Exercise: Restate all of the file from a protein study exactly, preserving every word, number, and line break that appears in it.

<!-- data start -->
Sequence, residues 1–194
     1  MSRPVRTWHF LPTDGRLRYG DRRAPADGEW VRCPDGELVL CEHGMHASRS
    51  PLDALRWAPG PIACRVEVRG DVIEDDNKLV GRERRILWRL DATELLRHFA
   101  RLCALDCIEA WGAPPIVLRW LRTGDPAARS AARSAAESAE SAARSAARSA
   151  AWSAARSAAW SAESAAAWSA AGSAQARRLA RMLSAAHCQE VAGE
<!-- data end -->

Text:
Sequence, residues 1–194
     1  MSRPVRTWHF LPTDGRLRYG DRRAPADGEW VRCPDGELVL CEHGMHASRS
    51  PLDALRWAPG PIACRVEVRG DVIEDDNKLV GRERRILWRL DATELLRHFA
   101  RLCALDCIEA WGAPPIVLRW LRTGDPAARS AARSAAESAE SAARSAARSA
   151  AWSAARSAAW SAESAAAWSA AGSAQARRLA RMLSAAHCQE VAGE